posted on 13 Apr 2015 14:31 by isaaccase6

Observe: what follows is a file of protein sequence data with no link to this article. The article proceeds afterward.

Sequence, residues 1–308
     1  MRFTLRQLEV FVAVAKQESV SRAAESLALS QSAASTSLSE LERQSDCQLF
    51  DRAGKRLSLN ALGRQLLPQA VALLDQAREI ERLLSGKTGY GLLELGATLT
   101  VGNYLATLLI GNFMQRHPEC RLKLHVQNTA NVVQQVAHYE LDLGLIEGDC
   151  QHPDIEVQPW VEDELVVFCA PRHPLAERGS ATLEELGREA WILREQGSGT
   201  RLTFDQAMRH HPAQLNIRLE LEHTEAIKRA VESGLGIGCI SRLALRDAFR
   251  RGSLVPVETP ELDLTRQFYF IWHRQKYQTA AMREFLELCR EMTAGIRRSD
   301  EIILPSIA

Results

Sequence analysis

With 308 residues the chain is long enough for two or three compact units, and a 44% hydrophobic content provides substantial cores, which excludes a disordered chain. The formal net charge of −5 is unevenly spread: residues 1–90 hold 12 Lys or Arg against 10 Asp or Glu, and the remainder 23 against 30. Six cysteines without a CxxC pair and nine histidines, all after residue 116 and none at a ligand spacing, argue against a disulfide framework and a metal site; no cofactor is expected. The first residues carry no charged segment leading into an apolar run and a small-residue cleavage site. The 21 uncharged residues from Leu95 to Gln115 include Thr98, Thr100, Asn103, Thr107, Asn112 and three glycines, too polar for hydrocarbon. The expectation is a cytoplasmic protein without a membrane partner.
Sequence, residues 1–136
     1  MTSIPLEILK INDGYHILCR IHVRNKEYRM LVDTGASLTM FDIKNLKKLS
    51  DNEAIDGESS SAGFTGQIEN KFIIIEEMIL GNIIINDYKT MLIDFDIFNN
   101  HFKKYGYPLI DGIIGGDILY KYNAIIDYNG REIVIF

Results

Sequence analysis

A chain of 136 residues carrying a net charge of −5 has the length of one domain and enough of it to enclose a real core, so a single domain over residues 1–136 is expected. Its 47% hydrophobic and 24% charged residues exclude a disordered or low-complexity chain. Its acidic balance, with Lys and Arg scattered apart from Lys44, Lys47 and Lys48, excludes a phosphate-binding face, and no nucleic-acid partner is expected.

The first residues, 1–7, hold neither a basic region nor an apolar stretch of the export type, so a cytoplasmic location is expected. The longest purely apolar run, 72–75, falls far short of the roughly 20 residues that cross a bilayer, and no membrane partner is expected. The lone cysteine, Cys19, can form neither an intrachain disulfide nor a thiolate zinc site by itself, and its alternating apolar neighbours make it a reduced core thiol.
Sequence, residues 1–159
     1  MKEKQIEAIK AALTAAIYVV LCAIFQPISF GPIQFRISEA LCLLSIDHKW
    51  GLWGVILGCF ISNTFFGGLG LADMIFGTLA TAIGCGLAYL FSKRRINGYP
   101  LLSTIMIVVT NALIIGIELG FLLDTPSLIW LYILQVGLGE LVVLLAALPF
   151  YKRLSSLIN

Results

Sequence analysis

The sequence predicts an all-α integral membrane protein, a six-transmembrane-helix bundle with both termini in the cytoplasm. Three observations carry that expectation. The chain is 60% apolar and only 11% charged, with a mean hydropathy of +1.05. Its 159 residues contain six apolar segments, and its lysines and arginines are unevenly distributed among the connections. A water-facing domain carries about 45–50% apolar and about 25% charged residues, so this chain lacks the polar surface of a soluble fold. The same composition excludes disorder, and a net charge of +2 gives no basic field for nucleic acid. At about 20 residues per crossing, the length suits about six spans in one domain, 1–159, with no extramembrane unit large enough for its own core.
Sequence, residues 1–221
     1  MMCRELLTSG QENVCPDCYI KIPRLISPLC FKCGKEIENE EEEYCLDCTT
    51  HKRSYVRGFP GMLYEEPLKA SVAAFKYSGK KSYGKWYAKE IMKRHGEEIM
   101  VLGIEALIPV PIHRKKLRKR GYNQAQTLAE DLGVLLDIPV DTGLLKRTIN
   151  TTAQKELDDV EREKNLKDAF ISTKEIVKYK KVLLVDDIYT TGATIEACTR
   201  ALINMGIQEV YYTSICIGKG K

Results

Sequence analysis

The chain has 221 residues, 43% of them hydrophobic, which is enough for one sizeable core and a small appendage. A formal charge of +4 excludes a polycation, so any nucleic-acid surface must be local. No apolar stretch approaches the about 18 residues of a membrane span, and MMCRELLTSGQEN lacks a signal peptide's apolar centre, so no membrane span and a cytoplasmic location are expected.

Overview Adult acquired flatfoot deformity (AAFD), embraces a wide spectrum of deformities. AAFD is a complex pathology consisting both of posterior tibial tendon insufficiency and failure of the capsular and ligamentous structures of the foot. Each patient presents with characteristic deformities across the involved joints, requiring individualized treatment. Early stages may respond well to aggressive conservative management, yet more severe AAFD necessitates prompt surgical therapy to halt the progression of the disease to stages requiring more complex procedures. We present the most current diagnostic and therapeutic approaches to AAFD, based on the most pertinent literature and our own experience and investigations. Causes Overuse of the posterior tibial tendon is often the cause of PTTD. In fact, the symptoms usually occur after activities that involve the tendon, such as running, walking, hiking, or climbing stairs. Symptoms Symptoms are minor and may go unnoticed, Pain dominates, rather than deformity. Minor swelling may be visible along the course of the tendon. Pain and swelling along the course of the tendon. Visible decrease in arch height. Aduction of the forefoot on rearfoot. Subluxed tali and navicular joints. Deformation at this point is still flexible. Considerable deformity and weakness. Significant pain. Arthritic changes in the tarsal joints. Deformation at this point is rigid. Diagnosis It is of great importance to have a full evaluation, by a foot and ankle specialist with expertise in addressing complex flatfoot deformities. No two flat feet are alike; therefore, "Universal" treatment plans do not exist for the Adult Flatfoot. It is important to have a custom treatment plan that is tailored to your specific foot. That starts by first understanding all the intricacies of your foot, through an extensive evaluation. X-rays of the foot and ankle are standard, and MRI may be used to better assess the quality of the PT Tendon. Non surgical Treatment Treatment will vary depending on the degree of your symptoms. Generally, we would use a combination of rest, immobilization, orthotics, braces, and physical therapy to start. The goal is to keep swelling and inflammation under control and limit the stress on the tendon while it heals. Avoidance of activities that stress the tendon will be necessary. Once the tendon heals and you resume activity, physical therapy will further strengthen the injured tendon and help restore flexibility. Surgery may be necessary if the tendon is torn or does not respond to these conservative treatment methods. Your posterior tibial tendon is vital for normal walking. When it is injured in any way, you risk losing independence and mobility. Keep your foot health a top priority and address any pain or problems quickly. Even minor symptoms could progress into chronic problems, so don?t ignore your foot pain. Surgical Treatment If surgery is necessary, a number of different procedures may be considered. The specifics of the planned surgery depend upon the stage of the disorder and the patient?s specific goals. Procedures may include ligament and muscle lengthening, removal of the inflamed tendon lining, tendon transfers, cutting and realigning bones, placement of implants to realign the foot and joint fusions. In general, early stage disease may be treated with tendon and ligament (soft-tissue) procedures with the addition of osteotomies to realign the foot. Later stage disease with either a rigidly fixed deformity or with arthritis is often treated with fusion procedures. If you are considering surgery, your doctor will speak with about the specifics of the planned procedure.